The product life cycle is a metric used to describe the stages of a product’s life in the market. There are four major steps in the product life cycle – introduction, growth, maturity, and decline.
It is important to study the product life cycle to see how a product transitions through each of these phases. This article will explain product life cycle and how it relates to product pricing and marketing.
The Four Stages of Product Life Cycle
From the name, you pretty much have the idea that there will be multiple stages in the life cycle of a product. This section explains each of these stages and their importance to the overall marketability of the product. Let’s explain product life cycle and the stages.
1. Introduction Stage
The introduction stage is the first stage where excitement about a new product or service begins. Unless the producer is popular, growth is often slow at the beginning. The product may be first-rate and address many consumer needs, but the public is not familiar with it. Therefore, demand won’t be high. Producers often budget huge sums to promote the product to shake off this lethargy.
2. Growth Stage
When a product reaches the second stage, the producer’s marketing efforts begin to pay off, and the product becomes increasingly popular.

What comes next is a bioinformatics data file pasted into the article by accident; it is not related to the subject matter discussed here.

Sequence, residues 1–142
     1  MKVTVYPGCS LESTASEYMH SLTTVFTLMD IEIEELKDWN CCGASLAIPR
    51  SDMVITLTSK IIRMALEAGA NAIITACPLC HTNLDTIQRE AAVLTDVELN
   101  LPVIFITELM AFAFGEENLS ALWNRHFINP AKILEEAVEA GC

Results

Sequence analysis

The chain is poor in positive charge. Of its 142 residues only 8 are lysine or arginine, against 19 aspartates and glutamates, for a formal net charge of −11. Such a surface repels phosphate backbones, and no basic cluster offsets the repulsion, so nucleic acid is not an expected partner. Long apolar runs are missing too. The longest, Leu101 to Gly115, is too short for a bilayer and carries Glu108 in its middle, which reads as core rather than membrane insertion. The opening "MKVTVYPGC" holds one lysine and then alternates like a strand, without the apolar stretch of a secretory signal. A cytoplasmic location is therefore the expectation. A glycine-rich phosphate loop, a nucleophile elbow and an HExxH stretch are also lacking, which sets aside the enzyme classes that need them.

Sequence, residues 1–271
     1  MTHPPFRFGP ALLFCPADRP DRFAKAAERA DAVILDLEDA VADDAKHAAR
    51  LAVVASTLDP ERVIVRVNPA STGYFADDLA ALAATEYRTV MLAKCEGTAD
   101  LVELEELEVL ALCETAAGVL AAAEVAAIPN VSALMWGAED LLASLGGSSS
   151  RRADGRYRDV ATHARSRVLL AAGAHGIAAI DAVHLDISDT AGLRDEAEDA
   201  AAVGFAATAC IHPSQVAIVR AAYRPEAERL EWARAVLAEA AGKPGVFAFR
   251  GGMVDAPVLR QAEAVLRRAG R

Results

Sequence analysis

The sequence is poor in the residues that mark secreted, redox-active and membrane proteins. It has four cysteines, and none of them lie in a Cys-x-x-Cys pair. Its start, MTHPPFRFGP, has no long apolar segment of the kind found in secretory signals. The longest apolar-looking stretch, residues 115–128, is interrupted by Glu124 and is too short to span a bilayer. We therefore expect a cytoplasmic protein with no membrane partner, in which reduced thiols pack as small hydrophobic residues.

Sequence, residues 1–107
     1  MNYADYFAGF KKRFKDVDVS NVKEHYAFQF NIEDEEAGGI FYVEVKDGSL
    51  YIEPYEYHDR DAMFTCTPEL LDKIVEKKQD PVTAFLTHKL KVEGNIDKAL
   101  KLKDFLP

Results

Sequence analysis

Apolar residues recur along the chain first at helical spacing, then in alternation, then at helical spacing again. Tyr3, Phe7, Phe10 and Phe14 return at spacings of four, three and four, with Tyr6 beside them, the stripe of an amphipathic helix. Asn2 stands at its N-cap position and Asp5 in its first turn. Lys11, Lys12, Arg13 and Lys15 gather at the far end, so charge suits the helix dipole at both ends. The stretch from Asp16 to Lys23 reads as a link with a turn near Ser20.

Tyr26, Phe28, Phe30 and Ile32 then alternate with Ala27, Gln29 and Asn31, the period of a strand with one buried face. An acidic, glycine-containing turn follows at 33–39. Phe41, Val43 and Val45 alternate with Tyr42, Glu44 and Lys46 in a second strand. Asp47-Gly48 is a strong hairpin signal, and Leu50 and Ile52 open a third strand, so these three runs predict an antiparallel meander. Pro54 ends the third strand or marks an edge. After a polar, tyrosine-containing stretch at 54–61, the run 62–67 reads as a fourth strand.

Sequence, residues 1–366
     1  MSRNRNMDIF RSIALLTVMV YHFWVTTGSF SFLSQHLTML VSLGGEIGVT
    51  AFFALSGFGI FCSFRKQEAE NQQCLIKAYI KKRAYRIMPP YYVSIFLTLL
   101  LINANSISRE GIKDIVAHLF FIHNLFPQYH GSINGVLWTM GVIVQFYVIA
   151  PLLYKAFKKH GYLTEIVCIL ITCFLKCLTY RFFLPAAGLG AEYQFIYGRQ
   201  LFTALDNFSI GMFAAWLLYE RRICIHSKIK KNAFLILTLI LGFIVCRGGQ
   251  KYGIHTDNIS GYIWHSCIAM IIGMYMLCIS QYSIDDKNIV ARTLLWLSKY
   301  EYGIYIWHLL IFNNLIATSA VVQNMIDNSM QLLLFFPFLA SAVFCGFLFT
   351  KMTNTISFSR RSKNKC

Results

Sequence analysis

3. Maturity Stage
In the third stage, the product has matured. The sales patterns have become more stable. At the maturity stage, there’s also the potential to expand into new markets.
4. Decline Stage
Nothing good lasts forever, they say. Therefore, the decline stage is a natural part of the consumer’s life cycle. At this stage, the product has peaked.
To remain competitive, the price either remains the same or slightly declines. Usually, manufacturers try to make changes to the product and do some sort of rebranding.
These changes could be minor or significant. The alternative is to withdraw the product and move on to another product.
Pricing Strategies and Product Life Cycles
This section will explain product life cycle and pricing strategies that manufacturers use at each stage of the cycle. Manufacturers usually study the product’s stage in the product life cycle to determine the right pricing strategy. We will show you the most appropriate pricing strategy based on the greatest demand for the product.
At the initial stage, a manufacturer may choose to price the new product higher to signal an increase in value. Except they’re trying to market the product as a cheaper alternative to an existing product, manufacturers must avoid pricing the product lower.
At the growth stage, the manufacturer monitors the market to observe market trends and competitor actions. This stage is crucial as it helps to forecast future sales.
At the maturity stage of the product life cycle, the product has realized its full potential. The company may offer incentives like discounts or other offers to retain customers loyal to the brand.
The company needs to determine whether the decline is temporary or permanent. Once determined, they may decide to reduce the price and clear off old stock and move on. Alternatively, they may add new features or include the old product in a new product offering.
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